National Two Spool Sewing Machine
The vast majority of the sewing machines in our collection are very similar no matter who manufactured them. Needle types might be different and the bobbins might vary but outside of our shuttle machines, they all use a round bobbin. The National Two Spool sewing machine didn’t use a shuttle or a round bobbin, it used a second spool of thread. This is a piece of technology that I’m sorry we ever lost.
National Sewing Machine Company
Before we start talking about the two spool sewing machine let’s dive into the company behind the sewing machine, National Sewing Machine Company. It was an odd duck in the sewing machine world, located in Chicago while everyone else was on the east coast. Barnabas Eldredge had tried the east coast but bought the dies from the factory he was using and moved back to Chicago.
He joined forces with F.T. June who was already producing the Jennie June and the companies co-existed until June died in 1890. Eldredge joined the two companies into the National sewing machine company. National was quick to jump on the badged sewing machine wagon, putting large department store brands on their machines. In 1953, National would close its doors and would be purchased by Janome. Read more about National sewing machine company here.
The Man Behind The Machine
Richard K. Hohman designed the machine. Hohman held many, many patents in the sewing machine space. He held them personally and with Hohman Sewing Machine Company, Sears Roebuck, Singer, White, and National. There are 70 patents on Google’s Patent search and I was able to find the patent for the National Two Spool sewing machine!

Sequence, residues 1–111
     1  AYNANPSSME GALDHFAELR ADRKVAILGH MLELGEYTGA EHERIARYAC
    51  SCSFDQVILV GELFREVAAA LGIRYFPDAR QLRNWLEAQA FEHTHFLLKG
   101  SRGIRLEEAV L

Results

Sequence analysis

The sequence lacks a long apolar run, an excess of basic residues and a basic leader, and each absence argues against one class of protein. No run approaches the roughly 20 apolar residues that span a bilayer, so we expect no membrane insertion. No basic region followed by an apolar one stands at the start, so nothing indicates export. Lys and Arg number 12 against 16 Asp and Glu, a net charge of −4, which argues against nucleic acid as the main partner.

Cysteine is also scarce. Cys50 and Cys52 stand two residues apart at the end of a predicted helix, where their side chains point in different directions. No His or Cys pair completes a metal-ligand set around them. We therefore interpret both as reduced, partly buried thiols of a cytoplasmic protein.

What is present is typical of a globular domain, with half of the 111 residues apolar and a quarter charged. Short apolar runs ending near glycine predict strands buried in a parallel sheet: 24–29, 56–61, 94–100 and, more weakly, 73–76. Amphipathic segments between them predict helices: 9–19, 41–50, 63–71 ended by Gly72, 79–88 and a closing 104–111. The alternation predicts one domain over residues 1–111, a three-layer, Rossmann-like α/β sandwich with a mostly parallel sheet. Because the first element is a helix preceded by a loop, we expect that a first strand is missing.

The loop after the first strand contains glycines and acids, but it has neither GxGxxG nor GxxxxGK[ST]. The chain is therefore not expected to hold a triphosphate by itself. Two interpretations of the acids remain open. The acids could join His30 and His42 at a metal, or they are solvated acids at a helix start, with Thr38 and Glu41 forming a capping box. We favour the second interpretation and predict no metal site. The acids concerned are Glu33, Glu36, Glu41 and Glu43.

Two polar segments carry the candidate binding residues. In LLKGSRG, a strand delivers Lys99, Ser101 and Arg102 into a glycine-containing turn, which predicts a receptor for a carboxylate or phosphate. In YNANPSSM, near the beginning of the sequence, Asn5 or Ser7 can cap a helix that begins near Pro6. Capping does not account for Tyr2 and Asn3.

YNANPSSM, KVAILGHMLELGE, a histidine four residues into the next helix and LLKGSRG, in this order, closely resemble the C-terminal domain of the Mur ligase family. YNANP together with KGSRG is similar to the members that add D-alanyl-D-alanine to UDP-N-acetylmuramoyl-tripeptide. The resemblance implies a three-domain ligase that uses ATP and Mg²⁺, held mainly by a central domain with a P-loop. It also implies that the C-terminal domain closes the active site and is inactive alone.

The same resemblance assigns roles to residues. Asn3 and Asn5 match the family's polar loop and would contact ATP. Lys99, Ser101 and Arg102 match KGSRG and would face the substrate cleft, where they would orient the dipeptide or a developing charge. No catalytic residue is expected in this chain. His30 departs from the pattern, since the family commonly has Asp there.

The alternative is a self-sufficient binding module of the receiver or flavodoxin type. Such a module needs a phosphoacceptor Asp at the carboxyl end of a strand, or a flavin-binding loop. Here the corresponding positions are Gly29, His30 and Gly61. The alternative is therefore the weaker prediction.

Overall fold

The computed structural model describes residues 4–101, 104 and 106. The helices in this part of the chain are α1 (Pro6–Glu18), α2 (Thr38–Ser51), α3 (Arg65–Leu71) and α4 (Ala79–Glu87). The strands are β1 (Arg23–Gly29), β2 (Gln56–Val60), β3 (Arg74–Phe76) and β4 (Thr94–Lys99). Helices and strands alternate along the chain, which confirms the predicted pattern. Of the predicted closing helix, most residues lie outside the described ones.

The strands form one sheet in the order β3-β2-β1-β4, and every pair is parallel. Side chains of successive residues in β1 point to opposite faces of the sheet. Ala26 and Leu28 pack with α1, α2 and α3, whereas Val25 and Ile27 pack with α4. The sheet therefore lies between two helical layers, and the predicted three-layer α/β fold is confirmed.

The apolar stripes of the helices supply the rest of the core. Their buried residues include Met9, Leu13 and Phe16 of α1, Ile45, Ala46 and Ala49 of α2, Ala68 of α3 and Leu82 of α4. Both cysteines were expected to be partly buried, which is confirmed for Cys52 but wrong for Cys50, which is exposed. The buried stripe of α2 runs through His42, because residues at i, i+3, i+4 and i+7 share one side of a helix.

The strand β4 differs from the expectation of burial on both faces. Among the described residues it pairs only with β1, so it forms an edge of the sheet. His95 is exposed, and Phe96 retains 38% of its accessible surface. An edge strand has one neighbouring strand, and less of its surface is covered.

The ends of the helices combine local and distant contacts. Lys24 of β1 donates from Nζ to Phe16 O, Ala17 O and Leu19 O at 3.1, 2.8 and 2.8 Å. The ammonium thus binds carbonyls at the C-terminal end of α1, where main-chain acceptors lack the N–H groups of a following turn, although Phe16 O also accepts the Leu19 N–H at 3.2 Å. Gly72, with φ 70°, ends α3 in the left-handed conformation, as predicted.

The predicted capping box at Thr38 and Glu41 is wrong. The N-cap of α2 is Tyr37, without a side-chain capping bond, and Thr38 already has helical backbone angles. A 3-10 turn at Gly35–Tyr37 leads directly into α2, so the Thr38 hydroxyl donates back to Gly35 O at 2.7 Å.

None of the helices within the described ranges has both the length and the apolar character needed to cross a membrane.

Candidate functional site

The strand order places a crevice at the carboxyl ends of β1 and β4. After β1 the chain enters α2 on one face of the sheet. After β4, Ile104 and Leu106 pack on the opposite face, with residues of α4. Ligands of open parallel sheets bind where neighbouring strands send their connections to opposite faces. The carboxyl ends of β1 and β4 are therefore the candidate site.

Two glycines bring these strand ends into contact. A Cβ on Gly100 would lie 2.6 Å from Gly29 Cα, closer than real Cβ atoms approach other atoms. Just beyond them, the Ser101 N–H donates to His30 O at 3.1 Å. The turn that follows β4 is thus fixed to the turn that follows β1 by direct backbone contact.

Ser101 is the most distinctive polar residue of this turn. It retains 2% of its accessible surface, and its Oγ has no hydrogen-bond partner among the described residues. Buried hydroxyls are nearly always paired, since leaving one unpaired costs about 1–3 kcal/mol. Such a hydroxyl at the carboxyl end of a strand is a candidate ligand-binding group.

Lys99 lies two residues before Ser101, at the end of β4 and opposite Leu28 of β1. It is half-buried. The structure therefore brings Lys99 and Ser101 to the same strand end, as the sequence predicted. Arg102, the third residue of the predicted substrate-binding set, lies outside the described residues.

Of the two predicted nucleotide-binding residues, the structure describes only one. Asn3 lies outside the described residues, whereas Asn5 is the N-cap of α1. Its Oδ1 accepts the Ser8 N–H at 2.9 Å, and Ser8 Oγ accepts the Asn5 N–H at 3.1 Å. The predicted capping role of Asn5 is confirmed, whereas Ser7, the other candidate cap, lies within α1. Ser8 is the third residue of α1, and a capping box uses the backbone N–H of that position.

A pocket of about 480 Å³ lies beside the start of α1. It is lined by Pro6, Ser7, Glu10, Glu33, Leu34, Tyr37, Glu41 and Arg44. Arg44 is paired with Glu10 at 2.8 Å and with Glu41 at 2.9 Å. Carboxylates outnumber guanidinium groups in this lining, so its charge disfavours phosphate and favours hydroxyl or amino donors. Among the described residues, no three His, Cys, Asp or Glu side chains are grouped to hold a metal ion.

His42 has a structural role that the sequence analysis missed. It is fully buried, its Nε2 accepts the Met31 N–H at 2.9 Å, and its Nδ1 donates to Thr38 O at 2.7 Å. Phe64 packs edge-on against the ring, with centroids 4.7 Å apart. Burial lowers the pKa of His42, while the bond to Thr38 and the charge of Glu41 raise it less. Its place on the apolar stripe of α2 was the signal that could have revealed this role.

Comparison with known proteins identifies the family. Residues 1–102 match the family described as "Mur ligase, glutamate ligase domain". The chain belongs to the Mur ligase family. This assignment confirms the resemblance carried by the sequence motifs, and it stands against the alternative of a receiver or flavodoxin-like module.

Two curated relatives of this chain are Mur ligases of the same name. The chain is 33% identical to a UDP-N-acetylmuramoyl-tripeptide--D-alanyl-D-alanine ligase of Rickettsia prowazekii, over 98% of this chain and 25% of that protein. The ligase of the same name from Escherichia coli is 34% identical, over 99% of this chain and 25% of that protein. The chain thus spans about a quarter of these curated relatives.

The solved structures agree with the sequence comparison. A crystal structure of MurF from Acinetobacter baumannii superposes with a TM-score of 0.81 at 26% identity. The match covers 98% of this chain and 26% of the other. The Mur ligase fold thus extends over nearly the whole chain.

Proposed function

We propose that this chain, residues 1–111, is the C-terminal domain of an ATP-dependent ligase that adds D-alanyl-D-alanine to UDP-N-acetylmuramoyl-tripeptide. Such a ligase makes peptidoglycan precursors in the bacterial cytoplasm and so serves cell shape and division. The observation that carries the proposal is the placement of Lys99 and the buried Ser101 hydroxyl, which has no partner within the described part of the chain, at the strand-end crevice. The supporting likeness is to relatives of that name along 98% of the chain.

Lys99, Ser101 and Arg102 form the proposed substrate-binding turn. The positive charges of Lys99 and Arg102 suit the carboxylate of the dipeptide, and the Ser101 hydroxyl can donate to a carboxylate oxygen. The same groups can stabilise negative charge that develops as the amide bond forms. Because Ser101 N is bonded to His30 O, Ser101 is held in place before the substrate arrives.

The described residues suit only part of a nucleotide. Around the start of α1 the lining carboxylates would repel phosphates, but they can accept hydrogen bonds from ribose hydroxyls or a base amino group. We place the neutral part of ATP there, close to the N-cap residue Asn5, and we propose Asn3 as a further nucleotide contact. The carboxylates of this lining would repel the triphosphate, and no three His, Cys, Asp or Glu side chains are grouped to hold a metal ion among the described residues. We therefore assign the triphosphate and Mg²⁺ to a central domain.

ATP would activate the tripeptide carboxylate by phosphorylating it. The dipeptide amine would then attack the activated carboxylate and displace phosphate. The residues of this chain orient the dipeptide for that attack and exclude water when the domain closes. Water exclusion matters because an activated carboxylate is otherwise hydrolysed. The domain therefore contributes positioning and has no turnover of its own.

Hohman applied for the patent in May 1910 and finally received the patent in November 1911. If you click on “Download PDF” you can read the text that was attached to the drawings. This patent was for Richard as an individual and not in conjunction with any sewing machine company.
What makes the two spool special?
The Two Spool sewing machine made by National holds a size 50 spool in the bobbin area. Now, this size of spool isn’t made today but you can refill them on the machine, they are the small wooden spools you can sometimes find at thrift shops and garage sales. Depending on who made the spool depends on how much thread it will hold because some are skinnier in the middle allowing more thread to be wound. We have some that hold 150 yards of thread. A standard class 15 bobbin holds about 65 yards of thread.
When was my sewing machine made?
The National Two Spool enjoyed a fairly long production period lasting from 1913 – 1930. Outside of those dates, without documentation with the machine, it is almost impossible to narrow the dates down. At one time there was someone in the vintage sewing machine community who was attempting to build a database of serial numbers but it was not digitized.
How many versions of the National Two Spool Sewing Machines were made?
There were two, treadle and electric. I have no personal experience with the electric version. Some of the machines are marked “The Eldredge Two Spool” but they are the same machine.